At the final whistle Redruth's head coach Nigel Hambly had no complaints about the result, warmly praising Cambridge's effort, especially in the second half as the visitors came from behind to notch a vital win to keep alive their own promotion hopes. "They wanted it more than us today and they deserved it. They showed a terrific amount of courage, it took a pretty special drop-goal from 55 meters. They showed massive character to come out in the second half and turn us over. I think that at the end of the day they deserved the win. I am disappointed; we didn't play particularly well today, but no sour grapes from me. When you keep winning it puts a tremendous amount of pressure on you. That's gone now and my immediate thoughts turn to the Stourbridge game next Saturday. We must regroup and see what sort of side we are. The next few weeks leading up to Christmas will answer some of those questions".
Commenting on Rob Thirlby's spectacular run near the end which almost saved the game for his side, "I thought he was in, if he'd have kept going he was in under the posts. It didn't happen and that's sport. We've had all ups so far this season, a little bit of a down won't do anyone any harm". Hambly was quick to remind everyone that his side were still top-of-the-table after all of Saturday's results.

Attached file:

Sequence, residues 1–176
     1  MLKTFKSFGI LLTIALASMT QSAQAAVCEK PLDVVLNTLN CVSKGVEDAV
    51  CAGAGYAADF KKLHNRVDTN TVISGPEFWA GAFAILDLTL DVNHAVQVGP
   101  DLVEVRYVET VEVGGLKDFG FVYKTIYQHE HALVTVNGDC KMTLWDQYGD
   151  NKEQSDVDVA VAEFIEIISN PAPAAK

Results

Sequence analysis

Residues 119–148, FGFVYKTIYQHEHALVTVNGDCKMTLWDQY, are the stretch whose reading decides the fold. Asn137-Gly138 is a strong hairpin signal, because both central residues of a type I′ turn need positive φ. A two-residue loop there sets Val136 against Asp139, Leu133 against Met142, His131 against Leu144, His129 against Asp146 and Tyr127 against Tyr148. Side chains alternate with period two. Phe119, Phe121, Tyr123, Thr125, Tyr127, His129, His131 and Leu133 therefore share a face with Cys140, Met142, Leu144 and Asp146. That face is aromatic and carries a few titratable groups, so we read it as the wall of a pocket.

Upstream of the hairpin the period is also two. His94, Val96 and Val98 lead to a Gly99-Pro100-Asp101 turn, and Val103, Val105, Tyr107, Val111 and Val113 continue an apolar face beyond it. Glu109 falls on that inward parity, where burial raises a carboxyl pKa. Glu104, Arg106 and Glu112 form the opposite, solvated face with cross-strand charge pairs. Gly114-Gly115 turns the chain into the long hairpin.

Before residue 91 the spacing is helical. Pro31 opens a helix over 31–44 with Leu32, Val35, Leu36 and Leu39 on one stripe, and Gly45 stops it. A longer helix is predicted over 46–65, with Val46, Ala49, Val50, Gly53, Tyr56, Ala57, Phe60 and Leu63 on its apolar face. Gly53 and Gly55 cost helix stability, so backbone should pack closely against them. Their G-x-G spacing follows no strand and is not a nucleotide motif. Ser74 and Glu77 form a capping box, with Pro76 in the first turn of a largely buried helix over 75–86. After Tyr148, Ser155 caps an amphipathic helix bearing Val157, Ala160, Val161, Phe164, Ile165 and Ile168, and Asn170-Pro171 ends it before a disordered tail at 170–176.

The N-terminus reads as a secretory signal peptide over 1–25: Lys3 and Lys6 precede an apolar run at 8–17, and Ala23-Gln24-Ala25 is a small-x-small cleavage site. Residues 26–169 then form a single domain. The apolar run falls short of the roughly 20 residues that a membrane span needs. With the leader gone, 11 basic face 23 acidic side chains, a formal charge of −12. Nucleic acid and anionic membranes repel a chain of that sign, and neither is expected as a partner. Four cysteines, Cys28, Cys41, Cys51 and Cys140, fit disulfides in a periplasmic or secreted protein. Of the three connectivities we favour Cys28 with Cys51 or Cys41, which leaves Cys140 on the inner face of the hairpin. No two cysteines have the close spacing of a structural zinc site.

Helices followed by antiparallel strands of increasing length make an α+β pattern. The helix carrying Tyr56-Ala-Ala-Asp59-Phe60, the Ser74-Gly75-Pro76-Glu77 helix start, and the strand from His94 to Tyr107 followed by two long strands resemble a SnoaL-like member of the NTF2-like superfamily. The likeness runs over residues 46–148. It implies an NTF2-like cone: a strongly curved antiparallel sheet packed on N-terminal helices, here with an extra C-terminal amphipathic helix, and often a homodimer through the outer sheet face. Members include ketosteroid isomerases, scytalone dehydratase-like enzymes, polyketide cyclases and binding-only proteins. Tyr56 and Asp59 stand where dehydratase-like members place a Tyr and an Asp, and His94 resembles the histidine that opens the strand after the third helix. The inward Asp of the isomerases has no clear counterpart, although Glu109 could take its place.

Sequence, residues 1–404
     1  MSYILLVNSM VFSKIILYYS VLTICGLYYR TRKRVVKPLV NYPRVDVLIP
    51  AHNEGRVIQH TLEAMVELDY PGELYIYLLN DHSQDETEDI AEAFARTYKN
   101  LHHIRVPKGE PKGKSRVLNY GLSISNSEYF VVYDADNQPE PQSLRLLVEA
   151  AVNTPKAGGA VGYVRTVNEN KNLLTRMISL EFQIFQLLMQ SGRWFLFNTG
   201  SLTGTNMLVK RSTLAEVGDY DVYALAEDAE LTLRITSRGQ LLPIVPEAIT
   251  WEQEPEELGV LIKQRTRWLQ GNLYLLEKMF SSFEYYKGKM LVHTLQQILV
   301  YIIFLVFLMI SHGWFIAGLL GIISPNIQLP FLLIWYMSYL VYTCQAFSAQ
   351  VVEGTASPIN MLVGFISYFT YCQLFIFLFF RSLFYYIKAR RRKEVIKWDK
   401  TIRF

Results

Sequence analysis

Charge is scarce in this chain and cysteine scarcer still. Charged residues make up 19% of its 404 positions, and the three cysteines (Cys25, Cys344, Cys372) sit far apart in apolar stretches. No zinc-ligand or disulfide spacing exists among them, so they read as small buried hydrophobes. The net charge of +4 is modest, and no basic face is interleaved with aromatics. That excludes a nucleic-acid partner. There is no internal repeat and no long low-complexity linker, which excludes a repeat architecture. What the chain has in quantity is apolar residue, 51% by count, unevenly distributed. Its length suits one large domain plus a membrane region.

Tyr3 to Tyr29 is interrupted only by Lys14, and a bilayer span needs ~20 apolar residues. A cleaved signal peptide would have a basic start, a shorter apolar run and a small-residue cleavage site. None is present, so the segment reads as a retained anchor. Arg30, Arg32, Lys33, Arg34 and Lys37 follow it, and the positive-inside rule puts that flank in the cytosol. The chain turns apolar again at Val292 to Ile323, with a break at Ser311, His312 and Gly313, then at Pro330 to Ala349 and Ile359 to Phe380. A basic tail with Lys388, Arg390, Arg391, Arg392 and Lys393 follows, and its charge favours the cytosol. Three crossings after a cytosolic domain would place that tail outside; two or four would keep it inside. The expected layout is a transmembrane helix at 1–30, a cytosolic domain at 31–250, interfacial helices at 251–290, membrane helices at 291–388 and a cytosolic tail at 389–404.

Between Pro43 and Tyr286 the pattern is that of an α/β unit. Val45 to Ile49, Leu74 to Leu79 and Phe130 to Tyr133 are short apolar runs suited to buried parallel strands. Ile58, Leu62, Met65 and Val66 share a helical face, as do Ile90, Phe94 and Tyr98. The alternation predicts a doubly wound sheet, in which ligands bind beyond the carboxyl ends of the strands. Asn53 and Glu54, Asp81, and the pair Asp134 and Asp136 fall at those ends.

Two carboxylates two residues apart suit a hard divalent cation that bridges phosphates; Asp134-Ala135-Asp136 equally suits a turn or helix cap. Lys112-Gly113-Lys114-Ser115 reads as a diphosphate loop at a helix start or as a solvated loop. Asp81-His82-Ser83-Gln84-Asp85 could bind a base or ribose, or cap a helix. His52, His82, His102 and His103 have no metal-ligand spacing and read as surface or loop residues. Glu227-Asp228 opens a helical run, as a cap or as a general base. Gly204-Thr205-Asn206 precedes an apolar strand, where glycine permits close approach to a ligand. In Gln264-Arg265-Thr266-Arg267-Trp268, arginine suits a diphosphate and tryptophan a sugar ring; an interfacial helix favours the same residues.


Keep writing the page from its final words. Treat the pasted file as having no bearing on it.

"We'll have a look at selection on Thursday and see whose holding their hand up in the development team (who played the Cornish All Blacks in a Cornwall Super Cup tie at Polson Bridge on Tuesday evening). Perhaps we'll freshen things up a little bit. Redruth will regroup and Redruth will be back. We'll go to Stourbridge next week and hopefully put in a big performance".
Redruth 18 pts: tries Mann, Gidlow; conversion Thirlby; penalties Thirlby (2)
Cambridge 19 pts: try Archer; conversion Patston; penalties Patston (2), Evans; drop-goal Evans
Redruth: R. Thirlby, L. Vinnicombe (M. Georgiou 11), C. Bonds,
PJ Gidlow (Capt), N. Pedley, P. Thirlby, R. Pellow; D. Jacques, O. Hambly (B.